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Palmer tops deep QB crop


The following is the first of 10 installments previewing the 2003 NFL draft class. Today, we feature the quarterbacks.

The strongest class of quarterbacks since 1999 could produce as many as three top 10 picks and as many as five passers could be selected in the first round of the April 26-27 NFL Draft.

USC's Carson Palmer is the star of the show. He could become the first player selected and the 2002 Heisman Trophy winner has already stated he'd be happy to become the Cincinnati Bengals' quarterback of the future.

Palmer, 6-5, 232, threw for 32 touchdowns last fall and impressed pro scouts with his skills and mechanics. Palmer is said to be capable of making all of the throws, possesses athleticism, decent mobility and touch on his passes.

But Palmer is not without his critics. His arm is not considered to be especially strong or his release particularly quick. He is not a John Elway or a Dan Marino type of talent, and his mild-mannered personality has been criticized for lacking leadership qualities.

If Palmer is a risk, he's a risk the Bengals will accept or they will trade the pick to another team willing to accept the risk.

Marshall's Byron Leftwich, 6-5, 241, has the big arm Palmer lacks. Leftwich's talents are exciting in every way, though Leftwich doesn't have the kind of mobility desired in the contemporary pro game. Leftwich is an old-fashioned drop-back, pocket quarterback who possesses prototype size and arm strength, a classic release and instincts for the position. His leadership skills and toughness are well-documented and he threw for 30 touchdowns and more than 4,000 yards last season.

At least four other teams in the top 10 -- Chicago, Arizona, Carolina and Baltimore -- have need for a young, developmental quarterback. The Jaguars have stated a desire to sign Mark Brunell to a contract extension and, of course, David Garrard is considered to be the team's developmental quarterback of the future. But that doesn't mean the Jaguars won't be interested in selecting a quarterback in the later rounds.

California's Kyle Boller has shot up draft boards on the strength of his size, speed and strong postseason showing. Boller, 6-3, 234, has 4.6 speed, outstanding athletic ability, a strong arm and more mobility than Palmer or Leftwich. The knock on Boller is a lack of accuracy. He could go to Carolina or Baltimore with the ninth or 10th picks.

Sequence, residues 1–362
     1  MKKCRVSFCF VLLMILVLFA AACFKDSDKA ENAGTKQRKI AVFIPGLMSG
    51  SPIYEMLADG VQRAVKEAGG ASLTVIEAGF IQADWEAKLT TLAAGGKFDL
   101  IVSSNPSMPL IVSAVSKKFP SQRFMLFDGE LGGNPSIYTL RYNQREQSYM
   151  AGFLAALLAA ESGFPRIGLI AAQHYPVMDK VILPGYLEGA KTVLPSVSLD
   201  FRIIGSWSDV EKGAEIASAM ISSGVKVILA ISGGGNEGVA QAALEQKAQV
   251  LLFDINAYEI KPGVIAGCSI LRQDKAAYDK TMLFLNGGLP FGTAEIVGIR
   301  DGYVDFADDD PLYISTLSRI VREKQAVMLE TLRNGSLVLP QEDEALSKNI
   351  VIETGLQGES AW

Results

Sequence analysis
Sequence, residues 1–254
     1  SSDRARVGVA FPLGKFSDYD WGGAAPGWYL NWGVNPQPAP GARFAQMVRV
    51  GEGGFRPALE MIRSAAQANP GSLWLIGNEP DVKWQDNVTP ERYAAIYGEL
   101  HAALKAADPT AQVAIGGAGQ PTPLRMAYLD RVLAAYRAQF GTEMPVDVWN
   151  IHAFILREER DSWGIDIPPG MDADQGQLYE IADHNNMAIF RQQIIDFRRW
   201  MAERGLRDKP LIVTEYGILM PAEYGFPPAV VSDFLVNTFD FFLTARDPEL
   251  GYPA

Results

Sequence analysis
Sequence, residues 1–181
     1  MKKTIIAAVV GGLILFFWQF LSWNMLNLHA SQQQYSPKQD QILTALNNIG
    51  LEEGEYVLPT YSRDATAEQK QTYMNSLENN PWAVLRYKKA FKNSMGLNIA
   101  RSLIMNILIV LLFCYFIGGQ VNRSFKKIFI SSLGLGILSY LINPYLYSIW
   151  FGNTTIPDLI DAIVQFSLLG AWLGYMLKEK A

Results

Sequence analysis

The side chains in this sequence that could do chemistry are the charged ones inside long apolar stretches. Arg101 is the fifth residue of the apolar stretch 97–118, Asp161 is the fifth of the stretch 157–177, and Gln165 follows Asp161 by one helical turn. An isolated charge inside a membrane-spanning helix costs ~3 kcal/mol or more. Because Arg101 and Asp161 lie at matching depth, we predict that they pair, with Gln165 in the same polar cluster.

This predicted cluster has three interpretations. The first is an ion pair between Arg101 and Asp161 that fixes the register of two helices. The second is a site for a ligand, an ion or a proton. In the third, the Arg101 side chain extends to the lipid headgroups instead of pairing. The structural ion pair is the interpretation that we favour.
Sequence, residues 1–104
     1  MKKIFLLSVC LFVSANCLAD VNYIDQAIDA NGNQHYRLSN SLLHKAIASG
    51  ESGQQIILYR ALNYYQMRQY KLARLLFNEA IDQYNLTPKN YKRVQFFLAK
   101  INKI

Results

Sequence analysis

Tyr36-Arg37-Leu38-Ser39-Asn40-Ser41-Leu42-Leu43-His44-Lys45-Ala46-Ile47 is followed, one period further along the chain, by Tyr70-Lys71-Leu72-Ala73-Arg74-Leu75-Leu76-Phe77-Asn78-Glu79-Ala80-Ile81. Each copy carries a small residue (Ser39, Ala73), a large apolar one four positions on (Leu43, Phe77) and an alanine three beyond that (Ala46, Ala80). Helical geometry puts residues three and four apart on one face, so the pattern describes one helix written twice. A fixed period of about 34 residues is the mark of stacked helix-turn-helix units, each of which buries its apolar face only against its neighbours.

Florida's Rex Grossman, Texas' Chris Simms and Louisville's Dave Ragone all have high-round potential.

Grossman's numbers dropped significantly last season, but he maintains the instincts to be a top pro passer. At 6-1, 217, Grossman doesn't have prototype size, arm strength or mobility, but his release is textbook and he throws a very catchable deep ball. He could sneak into the first round.

Simms, 6-4, 220, never quite realized the stardom for which he was predicted when he was a celebrated national recruit. In 2002, Simms enjoyed his best season -- 26 touchdowns and over 3,000 yards -- but he didn't win the big games. His size, arm strength, accuracy and mechanics are good enough, but his instincts have come under scrutiny.

Ragone, 6-3, 249, is the top left-hander of the class. Ragone didn't have great numbers last season, but he impressed scouts with his toughness while becoming the most sacked quarterback in Division I-A. He's not the most athletic quarterback, but he lacks nothing between the ears.

Miami's Ken Dorsey, Boston College's Brian St. Pierre, Texas Tech's Kliff Kingsbury and Iowa State's Seneca Wallace represent depth in the quarterback class.

Dorsey, 6-4, 205, almost never lost at Miami, but the talent surrounding him may have made him look better than he really is. Dorsey's arm strength and mobility are less than what pro teams want. When he's faced stiff pass-rushes, he's struggled.

St. Pierre, 6-2, 218, didn't have a great senior season. His physical limitations surfaced, but he faced top competition and always held his own. He's mobile, tough, durable and competitive. His arm strength and accuracy are average at best.

Kingsbury, 6-3, 208, threw for big numbers in a pass-happy offense, but Kingsbury doesn't have an NFL-caliber arm. A West Coast offense or an offensive system that promotes the short-passing game would seem to fit Kingsbury best.

Wallace, 5-11, 196, is super athletic and offers potential as a defensive back and wide receiver. Wallace has scintillating scrambling ability, a powerful arm and outstanding instincts. He could become the steal of the draft.

Other recognizable names who carry draftable grades are Brad Banks of Iowa, Jason Gesser of Washington State and Brooks Bollinger of Wisconsin.

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